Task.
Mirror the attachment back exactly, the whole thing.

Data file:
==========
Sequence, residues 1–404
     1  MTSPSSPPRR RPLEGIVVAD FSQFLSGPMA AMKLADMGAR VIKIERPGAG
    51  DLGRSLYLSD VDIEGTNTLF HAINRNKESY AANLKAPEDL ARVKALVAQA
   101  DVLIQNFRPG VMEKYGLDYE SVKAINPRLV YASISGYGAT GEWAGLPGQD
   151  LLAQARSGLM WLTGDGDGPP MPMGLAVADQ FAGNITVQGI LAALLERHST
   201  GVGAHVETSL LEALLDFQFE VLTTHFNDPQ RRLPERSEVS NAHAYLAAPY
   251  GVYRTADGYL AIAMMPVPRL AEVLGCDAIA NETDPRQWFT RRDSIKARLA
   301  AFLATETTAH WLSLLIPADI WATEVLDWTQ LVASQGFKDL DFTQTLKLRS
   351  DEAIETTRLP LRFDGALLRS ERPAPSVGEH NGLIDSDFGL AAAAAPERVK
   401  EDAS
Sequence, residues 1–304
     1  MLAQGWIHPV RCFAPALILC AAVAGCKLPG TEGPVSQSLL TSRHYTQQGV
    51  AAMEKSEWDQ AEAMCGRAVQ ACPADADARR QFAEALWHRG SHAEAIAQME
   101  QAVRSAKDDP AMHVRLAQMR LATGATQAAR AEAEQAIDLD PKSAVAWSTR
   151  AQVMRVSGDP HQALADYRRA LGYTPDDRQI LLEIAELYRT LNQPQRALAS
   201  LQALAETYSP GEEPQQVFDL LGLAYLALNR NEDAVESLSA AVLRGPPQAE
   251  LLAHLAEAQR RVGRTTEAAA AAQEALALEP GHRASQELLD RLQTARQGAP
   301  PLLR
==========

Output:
Sequence, residues 1–404
     1  MTSPSSPPRR RPLEGIVVAD FSQFLSGPMA AMKLADMGAR VIKIERPGAG
    51  DLGRSLYLSD VDIEGTNTLF HAINRNKESY AANLKAPEDL ARVKALVAQA
   101  DVLIQNFRPG VMEKYGLDYE SVKAINPRLV YASISGYGAT GEWAGLPGQD
   151  LLAQARSGLM WLTGDGDGPP MPMGLAVADQ FAGNITVQGI LAALLERHST
   201  GVGAHVETSL LEALLDFQFE VLTTHFNDPQ RRLPERSEVS NAHAYLAAPY
   251  GVYRTADGYL AIAMMPVPRL AEVLGCDAIA NETDPRQWFT RRDSIKARLA
   301  AFLATETTAH WLSLLIPADI WATEVLDWTQ LVASQGFKDL DFTQTLKLRS
   351  DEAIETTRLP LRFDGALLRS ERPAPSVGEH NGLIDSDFGL AAAAAPERVK
   401  EDAS
Sequence, residues 1–304
     1  MLAQGWIHPV RCFAPALILC AAVAGCKLPG TEGPVSQSLL TSRHYTQQGV
    51  AAMEKSEWDQ AEAMCGRAVQ ACPADADARR QFAEALWHRG SHAEAIAQME
   101  QAVRSAKDDP AMHVRLAQMR LATGATQAAR AEAEQAIDLD PKSAVAWSTR
   151  AQVMRVSGDP HQALADYRRA LGYTPDDRQI LLEIAELYRT LNQPQRALAS
   201  LQALAETYSP GEEPQQVFDL LGLAYLALNR NEDAVESLSA AVLRGPPQAE
   251  LLAHLAEAQR RVGRTTEAAA AAQEALALEP GHRASQELLD RLQTARQGAP
   301  PLLR